Brennan's technophobe-ready hard-disk jukebox
We see a major issue here: Why max out with an 80GB hard disk?
For those who don't want to spend $1,400 on the Sony's Giga Jukes, you could try the HDD-based JB7 from market newcomer Brennan. There are no speakers, no Wi-Fi, no radio, no big colorful display, and no lush extra features. Instead, it's a compact unit with a simple purpose: to aggregate your CD collection with minimal fuss.or splash out on one of
Technophobes may appreciate its simplicity--we'll know when we've had a play ourselves--and anyone without a computer will undoubtedly find it a convenient way to break into the jukebox market. The JB7 includes a 60-watt amplifier and the Gracenote CD database built-in, so your CD rips are automatically labeled and tagged with artist info. The whole lot can be directly hooked up to a pair of speakers. Unfortunately, it only offers an utterly pathetic 20GB version starting at 250 pounds ($495), 40GB for 300 pounds ($594), and 80GB at a horrific 320 pounds ($634).
We see a major issue here: Why max out with an 80GB hard disk for Silicon Heaven's sake? Would it really break the bank to shove in a 250GB hard disk instead? Those drives are hardly costly these days; plus, it would open the possibility to rip CDs into true lossless quality--offered by the JB7--instead of lossy MP3, which is really the only way you're going to get a massive CD collection into even the top model's space.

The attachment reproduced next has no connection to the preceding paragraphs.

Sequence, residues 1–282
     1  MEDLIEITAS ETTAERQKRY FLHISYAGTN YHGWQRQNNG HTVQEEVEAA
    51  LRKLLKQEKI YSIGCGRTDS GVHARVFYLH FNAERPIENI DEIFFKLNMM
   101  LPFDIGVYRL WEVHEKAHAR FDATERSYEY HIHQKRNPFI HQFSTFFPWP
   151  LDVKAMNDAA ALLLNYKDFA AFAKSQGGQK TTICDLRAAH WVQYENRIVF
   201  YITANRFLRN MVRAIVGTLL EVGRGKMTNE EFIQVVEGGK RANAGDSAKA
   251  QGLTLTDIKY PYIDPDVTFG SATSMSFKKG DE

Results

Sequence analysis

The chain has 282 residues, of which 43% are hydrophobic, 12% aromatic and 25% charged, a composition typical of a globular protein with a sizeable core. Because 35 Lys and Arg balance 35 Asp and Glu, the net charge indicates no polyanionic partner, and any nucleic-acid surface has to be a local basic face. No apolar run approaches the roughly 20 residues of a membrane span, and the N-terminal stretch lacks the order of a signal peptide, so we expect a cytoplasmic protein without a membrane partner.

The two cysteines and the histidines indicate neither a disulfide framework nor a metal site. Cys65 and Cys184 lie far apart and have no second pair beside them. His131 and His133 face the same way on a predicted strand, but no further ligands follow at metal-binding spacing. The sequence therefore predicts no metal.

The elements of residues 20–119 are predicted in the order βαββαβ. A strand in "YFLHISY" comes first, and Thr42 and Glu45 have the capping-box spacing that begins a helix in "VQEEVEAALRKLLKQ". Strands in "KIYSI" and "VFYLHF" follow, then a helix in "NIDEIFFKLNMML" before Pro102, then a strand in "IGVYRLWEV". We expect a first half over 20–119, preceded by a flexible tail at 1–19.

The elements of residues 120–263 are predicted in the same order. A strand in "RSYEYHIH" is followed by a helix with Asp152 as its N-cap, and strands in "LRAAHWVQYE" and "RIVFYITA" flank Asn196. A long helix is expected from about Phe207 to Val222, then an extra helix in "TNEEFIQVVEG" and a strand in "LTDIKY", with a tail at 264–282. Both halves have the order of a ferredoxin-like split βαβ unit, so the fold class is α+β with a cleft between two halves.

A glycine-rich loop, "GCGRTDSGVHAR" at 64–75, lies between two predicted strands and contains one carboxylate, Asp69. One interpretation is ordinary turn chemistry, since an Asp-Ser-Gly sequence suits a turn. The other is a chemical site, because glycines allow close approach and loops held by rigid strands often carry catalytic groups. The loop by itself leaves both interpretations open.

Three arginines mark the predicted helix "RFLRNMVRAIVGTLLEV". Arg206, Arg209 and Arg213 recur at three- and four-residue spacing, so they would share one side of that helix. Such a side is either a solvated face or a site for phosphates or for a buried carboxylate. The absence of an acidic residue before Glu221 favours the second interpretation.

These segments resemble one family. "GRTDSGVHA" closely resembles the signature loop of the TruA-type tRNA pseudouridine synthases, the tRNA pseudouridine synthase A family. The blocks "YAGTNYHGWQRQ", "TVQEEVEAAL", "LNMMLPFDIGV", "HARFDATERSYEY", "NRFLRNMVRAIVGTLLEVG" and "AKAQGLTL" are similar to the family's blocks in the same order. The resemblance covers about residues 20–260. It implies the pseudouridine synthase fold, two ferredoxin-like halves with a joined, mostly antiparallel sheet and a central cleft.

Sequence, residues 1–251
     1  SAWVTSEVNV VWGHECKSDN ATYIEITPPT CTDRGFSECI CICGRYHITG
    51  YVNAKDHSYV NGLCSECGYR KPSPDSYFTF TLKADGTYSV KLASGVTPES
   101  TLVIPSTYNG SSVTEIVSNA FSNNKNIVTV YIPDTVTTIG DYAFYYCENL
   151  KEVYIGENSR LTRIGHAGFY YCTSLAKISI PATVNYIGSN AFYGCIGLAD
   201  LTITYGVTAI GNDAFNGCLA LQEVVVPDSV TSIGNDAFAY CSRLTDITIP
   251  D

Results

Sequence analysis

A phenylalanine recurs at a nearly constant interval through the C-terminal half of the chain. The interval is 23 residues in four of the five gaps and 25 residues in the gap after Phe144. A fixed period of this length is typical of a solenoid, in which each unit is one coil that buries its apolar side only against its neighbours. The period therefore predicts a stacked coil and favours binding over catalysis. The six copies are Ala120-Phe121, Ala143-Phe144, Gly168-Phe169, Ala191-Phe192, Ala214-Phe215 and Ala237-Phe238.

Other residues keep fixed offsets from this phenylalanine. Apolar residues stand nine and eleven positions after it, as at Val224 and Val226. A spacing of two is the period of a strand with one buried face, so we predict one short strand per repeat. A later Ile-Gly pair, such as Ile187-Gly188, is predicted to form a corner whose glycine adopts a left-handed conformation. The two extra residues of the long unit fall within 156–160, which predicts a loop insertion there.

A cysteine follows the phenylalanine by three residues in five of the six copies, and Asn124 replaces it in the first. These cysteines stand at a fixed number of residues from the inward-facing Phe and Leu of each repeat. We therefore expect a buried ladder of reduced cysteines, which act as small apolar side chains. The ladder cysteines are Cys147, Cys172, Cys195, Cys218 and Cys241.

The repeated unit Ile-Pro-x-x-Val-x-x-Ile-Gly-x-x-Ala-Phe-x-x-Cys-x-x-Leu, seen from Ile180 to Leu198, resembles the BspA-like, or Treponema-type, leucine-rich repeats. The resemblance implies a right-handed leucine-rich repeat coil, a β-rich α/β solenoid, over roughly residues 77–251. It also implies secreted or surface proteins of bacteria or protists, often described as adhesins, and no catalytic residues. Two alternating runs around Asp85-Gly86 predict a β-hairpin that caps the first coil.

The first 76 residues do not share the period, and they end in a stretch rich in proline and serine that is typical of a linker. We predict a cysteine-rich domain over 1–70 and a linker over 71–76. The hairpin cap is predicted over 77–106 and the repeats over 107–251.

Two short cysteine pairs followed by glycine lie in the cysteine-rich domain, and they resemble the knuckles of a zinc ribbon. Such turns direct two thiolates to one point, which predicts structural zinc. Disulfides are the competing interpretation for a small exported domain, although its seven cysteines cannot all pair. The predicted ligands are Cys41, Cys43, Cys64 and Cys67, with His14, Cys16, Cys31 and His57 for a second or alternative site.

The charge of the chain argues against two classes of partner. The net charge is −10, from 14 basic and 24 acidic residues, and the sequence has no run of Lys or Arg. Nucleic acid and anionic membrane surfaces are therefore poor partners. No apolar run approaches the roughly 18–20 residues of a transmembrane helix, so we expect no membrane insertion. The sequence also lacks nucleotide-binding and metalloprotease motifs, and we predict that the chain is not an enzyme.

But the main thing we take issue with is price. You can pick up a 20GB hard disk for less than 20 pounds ($40). This is what's in Brennan's entry-level model. Hop over to a site such as Scan.co.uk and you can snag 500GB drives for about 60 pounds more. Why, then, does Brennan want 70 pounds more for just 60GB of extra space?
We'll have a full review and a hands-on report for you very soon, as our JB7 has just arrived. Safe to say we're absolutely shocked at the expense of this simple unit.